While sales of Nokia's line of Lumia phones have shown steady growth in Europe and Asia over the past two years, they have failed to make strong inroads in North America. In a surprising turn, the company's third-quarter earnings report yesterday revealed a sudden spike in North America and the United States.
Between July and September, Nokia reported it has sold 1.4 million Lumias in North America -- an 180 percent increase over last quarter's 500,000 units and a 367 percent rise year-over-year. Overall, Nokia sold 8.8 million Lumias worldwide last quarter, a 19 percent increase over the prior quarter and 40 percent over the same period a year ago.
Does that mean Windows Phone is catching on? The sudden rise in Lumia sales in North America suggests Windows Phone may be gaining appeal but it will take several more quarters to see if that trend continues.
To be sure, the 8.8 million Lumias sold worldwide pale in comparison to the 33.8 million iPhones Apple sold during the same period (on top of the more than 250 million already in the market). Also Nokia indicated that the most popular phone was the Lumia 520, not the high-end Lumia 1020, released in the beginning of the quarter.
So while Lumia, and by extension Windows Phone, sales are on the rise, it remains in a very distant third place to Android and iOS. Microsoft is betting its acquisition of Nokia's handset business for $7.2 billion, which closes early next year, will give it further leverage in advancing its mobile phone business. But just as the company is marketing its new line of Surface tablets, success will ride on killer apps in the Windows Store.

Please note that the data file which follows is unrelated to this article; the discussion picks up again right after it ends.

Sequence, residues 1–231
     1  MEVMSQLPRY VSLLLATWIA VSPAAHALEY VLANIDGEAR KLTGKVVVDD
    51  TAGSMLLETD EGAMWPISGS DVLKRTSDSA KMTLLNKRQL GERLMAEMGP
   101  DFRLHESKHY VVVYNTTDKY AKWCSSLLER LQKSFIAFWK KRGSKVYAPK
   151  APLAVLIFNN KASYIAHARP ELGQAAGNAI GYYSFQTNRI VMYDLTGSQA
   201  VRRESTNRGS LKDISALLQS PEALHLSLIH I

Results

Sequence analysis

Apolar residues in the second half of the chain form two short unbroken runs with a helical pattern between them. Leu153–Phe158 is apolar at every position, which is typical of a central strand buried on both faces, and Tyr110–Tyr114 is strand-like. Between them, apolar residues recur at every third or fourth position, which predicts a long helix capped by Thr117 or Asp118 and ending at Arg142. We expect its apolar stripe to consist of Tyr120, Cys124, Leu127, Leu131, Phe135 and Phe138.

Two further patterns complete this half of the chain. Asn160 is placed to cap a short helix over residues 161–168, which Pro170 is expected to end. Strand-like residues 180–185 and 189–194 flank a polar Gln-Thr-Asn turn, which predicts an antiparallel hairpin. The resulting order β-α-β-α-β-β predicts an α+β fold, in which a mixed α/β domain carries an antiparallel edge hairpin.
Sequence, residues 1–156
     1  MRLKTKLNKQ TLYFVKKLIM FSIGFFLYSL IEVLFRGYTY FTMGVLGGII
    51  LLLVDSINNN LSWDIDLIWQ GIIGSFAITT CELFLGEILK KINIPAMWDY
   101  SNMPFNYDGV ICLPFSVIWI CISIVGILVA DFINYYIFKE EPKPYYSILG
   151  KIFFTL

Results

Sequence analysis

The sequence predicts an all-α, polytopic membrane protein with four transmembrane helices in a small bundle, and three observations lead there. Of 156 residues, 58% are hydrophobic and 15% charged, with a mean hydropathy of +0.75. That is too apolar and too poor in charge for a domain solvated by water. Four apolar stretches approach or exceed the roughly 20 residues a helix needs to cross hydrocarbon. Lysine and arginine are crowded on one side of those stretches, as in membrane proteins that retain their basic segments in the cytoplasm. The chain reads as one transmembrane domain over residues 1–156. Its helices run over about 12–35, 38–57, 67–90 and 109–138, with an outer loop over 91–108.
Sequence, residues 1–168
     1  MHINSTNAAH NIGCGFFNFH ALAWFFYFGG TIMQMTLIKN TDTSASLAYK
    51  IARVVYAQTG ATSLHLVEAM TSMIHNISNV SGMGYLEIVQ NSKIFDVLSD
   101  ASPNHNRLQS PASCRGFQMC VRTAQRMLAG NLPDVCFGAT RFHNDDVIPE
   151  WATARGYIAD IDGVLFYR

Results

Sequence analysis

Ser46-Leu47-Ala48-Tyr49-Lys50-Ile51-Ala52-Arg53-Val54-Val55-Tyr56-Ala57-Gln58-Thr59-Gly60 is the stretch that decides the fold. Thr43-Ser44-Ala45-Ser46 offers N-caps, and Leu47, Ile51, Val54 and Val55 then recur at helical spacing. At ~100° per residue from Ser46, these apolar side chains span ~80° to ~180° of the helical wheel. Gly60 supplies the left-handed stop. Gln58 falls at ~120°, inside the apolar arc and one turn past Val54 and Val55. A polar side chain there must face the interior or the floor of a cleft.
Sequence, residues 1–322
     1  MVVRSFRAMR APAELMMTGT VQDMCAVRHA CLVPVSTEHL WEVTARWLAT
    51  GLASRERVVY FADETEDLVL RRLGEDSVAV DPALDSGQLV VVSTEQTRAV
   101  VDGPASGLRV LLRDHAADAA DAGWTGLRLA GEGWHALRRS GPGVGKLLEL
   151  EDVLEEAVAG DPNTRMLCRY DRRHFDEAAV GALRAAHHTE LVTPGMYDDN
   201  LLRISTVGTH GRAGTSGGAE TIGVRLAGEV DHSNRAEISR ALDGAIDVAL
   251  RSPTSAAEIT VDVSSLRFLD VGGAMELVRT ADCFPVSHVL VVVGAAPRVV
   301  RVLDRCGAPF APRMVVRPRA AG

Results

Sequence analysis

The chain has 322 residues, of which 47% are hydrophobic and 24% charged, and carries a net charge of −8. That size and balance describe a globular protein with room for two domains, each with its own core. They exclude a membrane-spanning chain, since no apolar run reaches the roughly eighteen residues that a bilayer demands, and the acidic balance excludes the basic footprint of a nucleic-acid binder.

Posted by Jeffrey Schwartz on 10/30/2013 at 11:27 AM
Microsoft's ongoing layoffs are hitting its home turf, with new notices affecting 1,248 people in the Redmond, Bellevue and Issaquah, Wash. areas next month.
Microsoft on Tuesday announced a new predictive language chat tool for security experts called Microsoft Security Copilot.
Microsoft announced on Monday that it has rebuilt and improved the performance of its Microsoft Teams application, and released a preview of this "new" app for commercial Windows users.
The U.S. Cybersecurity and Infrastructure Security Agency (CISA) this week announced the release of a publicly available and free post-incident hunting tool for organizations using Microsoft Azure, Azure Active Directory and Microsoft 365 applications.
Microsoft this week reminded organizations using Microsoft Teams Rooms devices of a coming July 1 deadline to get their licenses compliant with its relatively new Basic and Pro plans.
More Tech Library